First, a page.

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How Much to Charge Pressure Washing Work per Hour: Determining True Value of Your Pressure Wash Business
 
 
Pressure Washing Business

You work hard, and you deserve to get paid what you’re worth – but, what is that? Determining the true value of your pressure washing business can be difficult, especially if you’re new to the business, or if you have switched from offering residential services to commercial ones.

It’s important to set your pressure washing business’ rate correctly right away. Otherwise you risk either turning off potential customers with a higher-than-average fee, or being stuck making far less than you should for months, or even years down the line.

Finding the right balance between charging what you need to, to make a profit, and not charging so much that you fail to bring in new customers, can be tricky.

How do you figure out what to charge your customers by the hour for your cleaning service? Begin by looking at the true cost of running your pressure washing business. Of course you know that you’ll have to make enough to pay for these basic business needs:

  • Supplies
  • Transportation
  • Office space
  • Vehicle payments / Insurance
  • Advertising / Marketing
  • Telephone Service

But, have you considered these other important factors when determining your hourly rate?

  • Insurances (health, disability, dental, eye, accident, etc.)
  • Professional fees and certifications
  • Vacation, Holiday, Sick time
  • Benefits
  • Employee / Employer Taxes
  • Retirement Savings
  • The time it will take to get the job done right

You may have thought that charging $50 an hour for your services was good money, until you factored in all of these expenses. Now, you’re left wondering if it’s nearly enough to keep your pressure washing business afloat.

Begin assessing your expenses by listing your monthly costs (all of your costs), and dividing each amount into the number of hours you will be able to actually charge customers. Remember, just because you work 40 hours every week, doesn’t mean that you can bill customers for 40 hours – you may only be billing clients for 30.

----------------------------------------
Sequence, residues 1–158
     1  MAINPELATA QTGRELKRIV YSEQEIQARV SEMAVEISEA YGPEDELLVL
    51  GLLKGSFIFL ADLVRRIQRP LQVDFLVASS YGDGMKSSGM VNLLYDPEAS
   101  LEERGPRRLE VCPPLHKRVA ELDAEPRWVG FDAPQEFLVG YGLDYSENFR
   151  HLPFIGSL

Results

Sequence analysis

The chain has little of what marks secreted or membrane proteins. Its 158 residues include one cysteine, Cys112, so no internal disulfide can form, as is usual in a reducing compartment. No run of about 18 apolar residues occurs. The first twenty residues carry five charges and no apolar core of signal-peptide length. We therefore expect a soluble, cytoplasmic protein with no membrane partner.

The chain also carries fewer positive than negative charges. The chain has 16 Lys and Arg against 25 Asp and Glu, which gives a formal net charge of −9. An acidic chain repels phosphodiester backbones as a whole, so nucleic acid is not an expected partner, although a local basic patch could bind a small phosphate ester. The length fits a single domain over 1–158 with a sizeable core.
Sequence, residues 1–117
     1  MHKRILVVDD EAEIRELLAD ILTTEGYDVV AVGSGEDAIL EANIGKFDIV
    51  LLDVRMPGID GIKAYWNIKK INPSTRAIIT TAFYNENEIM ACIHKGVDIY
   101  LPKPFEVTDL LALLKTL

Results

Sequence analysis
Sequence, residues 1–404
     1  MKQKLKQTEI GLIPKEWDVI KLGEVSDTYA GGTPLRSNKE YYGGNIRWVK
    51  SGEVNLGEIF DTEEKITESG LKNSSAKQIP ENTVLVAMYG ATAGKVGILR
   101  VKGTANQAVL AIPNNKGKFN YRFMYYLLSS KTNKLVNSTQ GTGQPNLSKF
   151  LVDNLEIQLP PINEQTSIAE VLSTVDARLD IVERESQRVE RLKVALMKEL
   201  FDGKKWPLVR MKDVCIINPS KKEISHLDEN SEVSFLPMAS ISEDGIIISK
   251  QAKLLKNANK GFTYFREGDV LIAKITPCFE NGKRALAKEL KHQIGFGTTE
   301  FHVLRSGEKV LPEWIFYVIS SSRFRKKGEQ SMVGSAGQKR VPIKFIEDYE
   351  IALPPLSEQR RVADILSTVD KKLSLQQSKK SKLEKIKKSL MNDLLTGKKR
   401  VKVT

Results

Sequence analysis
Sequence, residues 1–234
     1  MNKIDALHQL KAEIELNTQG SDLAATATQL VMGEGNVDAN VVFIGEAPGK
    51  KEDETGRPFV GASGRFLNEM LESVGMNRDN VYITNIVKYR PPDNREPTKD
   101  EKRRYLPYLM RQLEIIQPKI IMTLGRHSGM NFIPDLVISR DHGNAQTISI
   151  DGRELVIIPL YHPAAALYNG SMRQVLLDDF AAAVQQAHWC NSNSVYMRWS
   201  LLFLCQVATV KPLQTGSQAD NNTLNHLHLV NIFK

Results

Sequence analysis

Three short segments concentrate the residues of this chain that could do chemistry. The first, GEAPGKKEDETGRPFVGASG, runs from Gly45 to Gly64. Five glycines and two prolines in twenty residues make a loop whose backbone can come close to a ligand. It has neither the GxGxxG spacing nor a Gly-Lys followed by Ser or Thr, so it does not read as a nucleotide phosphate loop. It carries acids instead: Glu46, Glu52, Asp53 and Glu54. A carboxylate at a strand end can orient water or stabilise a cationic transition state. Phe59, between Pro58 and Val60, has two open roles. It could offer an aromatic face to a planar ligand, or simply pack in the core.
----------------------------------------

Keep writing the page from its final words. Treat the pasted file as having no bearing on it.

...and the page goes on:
For instance, your expense list may include:

  • One vehicle loan of $400 (this equals $3.33 per hour using a 30 hour billing week)
  • Car insurance for $125 ($1.04 per hour)
  • Cleaning supplies for $400 ($3.33 per hour)
  • Phone and internet services equaling $150.00 per month ($1.25 an hour)
  • Gasoline costs of $500 ($4.17 per hour)
  • Advertising and marketing fees of $600 ($5.00 per hour)
  • Maintenance and equipment repair ($10 per hour is a good estimate)
  • Office space for $900 ($9 per hour)

Using these figures, you would need to charge at least $37.12 per hour just to break even. You still haven’t managed to pay yourself, or put anything back into your pressure washing business.

The next step to figuring out your hourly wage is to determine how much you need to be paid as a salary, and divide that amount by 40 hours per week. So, if you want to make $60,000 a year, you’ll need to tack on another $29 per hour to your hourly cost.

Now, that means that you need to charge your pressure washing business customers $66.12 per hour, right? Wrong! You still haven’t added anything for expansion, emergencies, or even Uncle Sam’s cut. Plus, it’s important to remember that you’re working 40 hours a week, but only charging your customers for 30 hours a week, so you need to boost that $66 an hour to about $105-$115 to cover all of your costs, and make enough to live on.

Charging your pressure washing business customers more than $100 an hour might seem like a lot at first, but once you realize the true cost of business, you’ll soon realize that it’s a real bargain – for both you and your customers!

 

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